I enjoyed almost an hour of peace and quiet today while shopping at Fry's. Not literally, of course - the grocery store was just as bustling and noisy as usual, but my ears were almost ringing from the personal "silence" I experienced because Miriam was not with me. She and Jeremy stayed at home to watch a movie about Tinkerbell.
Bless her heart, Miriam is 3 years old and she loves to talk. Half the time, I find that I'm answering her questions and responding to her observations without even really processing what she's saying. It's all part of an unending stream of toddler commentary that forms the soundtrack of my life. I really should pay more attention, though, because when I don't, I find myself blindsided with gems like:
"Mama, is our house going to burn down soon, or not?"
In the quiet of the grocery store this evening, I overheard another mom with kids in the same aisle as me. It was the cereal/toy aisle (grocery stores are smart like that), and the mom's 2-year-oldish boy was making it very obvious that he wanted some of those toys. She waved her hand dismissively at the whole wall of toys and said, "they're all broken, sweetie." I knew exactly what she was trying to do, and it worked - the boy quieted right down and didn't make any more fuss about the toys.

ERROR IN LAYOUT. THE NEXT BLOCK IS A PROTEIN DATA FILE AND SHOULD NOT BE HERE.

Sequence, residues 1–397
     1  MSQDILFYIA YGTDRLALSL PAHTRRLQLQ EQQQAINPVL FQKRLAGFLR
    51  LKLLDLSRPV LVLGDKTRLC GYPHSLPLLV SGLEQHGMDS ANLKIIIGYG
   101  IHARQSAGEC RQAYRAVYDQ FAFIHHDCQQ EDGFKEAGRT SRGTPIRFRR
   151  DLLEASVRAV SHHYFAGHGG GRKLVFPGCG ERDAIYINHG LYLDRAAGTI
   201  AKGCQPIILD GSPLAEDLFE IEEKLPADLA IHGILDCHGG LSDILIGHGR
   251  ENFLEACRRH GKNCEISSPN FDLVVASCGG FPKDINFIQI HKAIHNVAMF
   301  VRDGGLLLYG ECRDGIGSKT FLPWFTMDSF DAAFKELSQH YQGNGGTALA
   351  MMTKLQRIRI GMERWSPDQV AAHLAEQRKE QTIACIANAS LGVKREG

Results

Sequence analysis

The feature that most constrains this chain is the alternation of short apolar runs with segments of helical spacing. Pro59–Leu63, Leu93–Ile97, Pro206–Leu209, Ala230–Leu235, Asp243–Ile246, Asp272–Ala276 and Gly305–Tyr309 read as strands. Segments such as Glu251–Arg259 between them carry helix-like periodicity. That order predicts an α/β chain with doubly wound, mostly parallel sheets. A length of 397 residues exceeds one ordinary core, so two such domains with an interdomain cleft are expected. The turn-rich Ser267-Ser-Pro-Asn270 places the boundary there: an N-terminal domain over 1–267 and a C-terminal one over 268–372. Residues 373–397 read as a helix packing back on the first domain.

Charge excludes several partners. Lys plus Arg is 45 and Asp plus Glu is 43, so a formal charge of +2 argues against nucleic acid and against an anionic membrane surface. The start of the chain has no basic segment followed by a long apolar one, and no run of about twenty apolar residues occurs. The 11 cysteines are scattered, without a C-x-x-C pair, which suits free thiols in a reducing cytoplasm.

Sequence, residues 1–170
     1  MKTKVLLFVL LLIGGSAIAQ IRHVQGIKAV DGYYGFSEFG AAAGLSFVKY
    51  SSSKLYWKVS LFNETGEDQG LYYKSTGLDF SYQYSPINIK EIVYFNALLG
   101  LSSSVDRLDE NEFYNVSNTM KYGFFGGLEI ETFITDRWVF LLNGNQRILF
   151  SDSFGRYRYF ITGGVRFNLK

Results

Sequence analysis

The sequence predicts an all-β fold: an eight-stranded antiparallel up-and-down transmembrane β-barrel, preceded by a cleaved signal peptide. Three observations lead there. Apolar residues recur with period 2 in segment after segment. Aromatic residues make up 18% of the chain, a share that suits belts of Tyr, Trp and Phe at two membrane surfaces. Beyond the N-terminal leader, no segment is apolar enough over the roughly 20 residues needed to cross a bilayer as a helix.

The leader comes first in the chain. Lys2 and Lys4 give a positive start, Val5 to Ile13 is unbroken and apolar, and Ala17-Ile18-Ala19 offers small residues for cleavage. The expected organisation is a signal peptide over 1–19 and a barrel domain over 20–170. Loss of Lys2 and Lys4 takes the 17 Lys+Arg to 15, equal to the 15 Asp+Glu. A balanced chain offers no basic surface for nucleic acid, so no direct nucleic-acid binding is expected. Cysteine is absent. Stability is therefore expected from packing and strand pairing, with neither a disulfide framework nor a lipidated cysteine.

Don't we all lie to our children, at least on occasion? Perhaps "lie" isn't the best word. We just represent the truth creatively in order to accomplish a certain end. I think the grocery store lady's tactic was a little extreme - those toys really aren't broken, not by any stretch of the imagination - but I can understand why she said that.
With Miriam, I tend to just tell her that whatever unreasonable item she wants is not on a good sale, and it really works. The best part is that it's usually true, too, though I'm occasionally held accountable if she sees the Fry's ad and notices a big red SALE icon by, say, Lucky Charms.
Do you lie to your children?